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Coming Through the Walls of Her Memory

I read this someplace and liked it. We all think about our past and what we remember and what we don’t, and wonder if something really happened or if we think it did. Am I “remembering” something based on what someone said rather than what really happened? Did I forget things because I am repressing them or do I simply have a bad memory?

I was at a dinner with my family where they were celebrating my birthday. It was fun and unexpected, which made it even more fun, and my son sat across from me and my niece next to him. At one point he said how he loved his childhood and had great memories, as far back as when he was four years old. His cousin next to him said that she could not remember her childhood. I looked at them both and thought – maybe said - how can that be? I started law school when my son was an infant. He arrived in July and I started evening classes in September. I was home during the day the first year although started working part time in a law office in the next few years. I was never a great cook or homemaker although I did like our house and neighborhood. All that is to say that I have looked back with some guilt thinking that I was never a great mother. I got divorced when my son was 11 and remember how hard that was for him and my daughter who was 14 and suffice to say that guilt has been a companion for years. And then my son says – I loved my childhood.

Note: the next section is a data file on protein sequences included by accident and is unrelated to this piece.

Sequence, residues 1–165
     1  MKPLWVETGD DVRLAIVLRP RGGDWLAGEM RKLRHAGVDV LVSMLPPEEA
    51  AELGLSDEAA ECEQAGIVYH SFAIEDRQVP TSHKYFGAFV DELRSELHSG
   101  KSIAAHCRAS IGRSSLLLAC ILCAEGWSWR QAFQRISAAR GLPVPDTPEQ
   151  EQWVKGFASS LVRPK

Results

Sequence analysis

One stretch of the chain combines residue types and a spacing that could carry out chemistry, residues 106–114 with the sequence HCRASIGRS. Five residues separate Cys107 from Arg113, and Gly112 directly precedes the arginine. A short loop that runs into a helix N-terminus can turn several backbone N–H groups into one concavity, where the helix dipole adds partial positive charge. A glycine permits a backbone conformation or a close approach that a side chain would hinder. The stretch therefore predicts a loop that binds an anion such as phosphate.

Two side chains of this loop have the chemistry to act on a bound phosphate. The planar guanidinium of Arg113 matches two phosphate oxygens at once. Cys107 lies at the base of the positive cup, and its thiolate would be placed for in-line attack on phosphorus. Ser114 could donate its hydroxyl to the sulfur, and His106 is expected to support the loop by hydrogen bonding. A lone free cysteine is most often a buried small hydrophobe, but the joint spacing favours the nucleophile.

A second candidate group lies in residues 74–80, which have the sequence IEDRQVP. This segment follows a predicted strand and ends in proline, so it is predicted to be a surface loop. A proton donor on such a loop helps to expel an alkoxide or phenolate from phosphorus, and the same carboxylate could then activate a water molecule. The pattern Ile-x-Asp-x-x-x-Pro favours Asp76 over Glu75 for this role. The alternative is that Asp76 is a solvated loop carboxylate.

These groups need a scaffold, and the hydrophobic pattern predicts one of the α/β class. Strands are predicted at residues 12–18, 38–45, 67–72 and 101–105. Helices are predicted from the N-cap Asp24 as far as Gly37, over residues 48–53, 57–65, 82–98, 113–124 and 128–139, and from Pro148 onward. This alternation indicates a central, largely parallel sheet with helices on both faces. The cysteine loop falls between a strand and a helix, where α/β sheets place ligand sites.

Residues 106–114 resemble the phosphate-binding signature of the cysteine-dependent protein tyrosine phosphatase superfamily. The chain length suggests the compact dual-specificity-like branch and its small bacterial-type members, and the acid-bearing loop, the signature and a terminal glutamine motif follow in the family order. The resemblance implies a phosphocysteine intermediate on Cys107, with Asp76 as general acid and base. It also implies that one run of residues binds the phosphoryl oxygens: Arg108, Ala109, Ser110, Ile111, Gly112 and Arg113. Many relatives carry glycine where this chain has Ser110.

The other part to this was when my niece, who I know had a wonderful childhood with parents who loved each other and spent a lot of time with her and her two sisters, said – I don’t remember anything. How could that be? How could my son have good memories and she have none?

I did not ask my son, what about after the divorce? What about teen years? Nor did I ask my niece the same thing. I just thought that maybe what I remembered about my past was not real either. Maybe things were often better than I thought. Sure, there were painful times, but there were good times that for some reason I did not remember. Maybe I just have a bad memory – who knew?

I had a client who was changing a tire on a truck, and it exploded, shattering his sternum. I met him years after this happened and he said that every so often a sliver of the sternum would come through his skin. This sounds apocryphal now, but our bodies, like life, are more amazing than we think. They take care of us in ways we do not understand, and I wonder if our memories do that too, slipping through our skin to heal us. Slow process, but still, a healing process.

Maybe if we listen more closely we can hear our past, a more loving past, coming through the walls of our memories.

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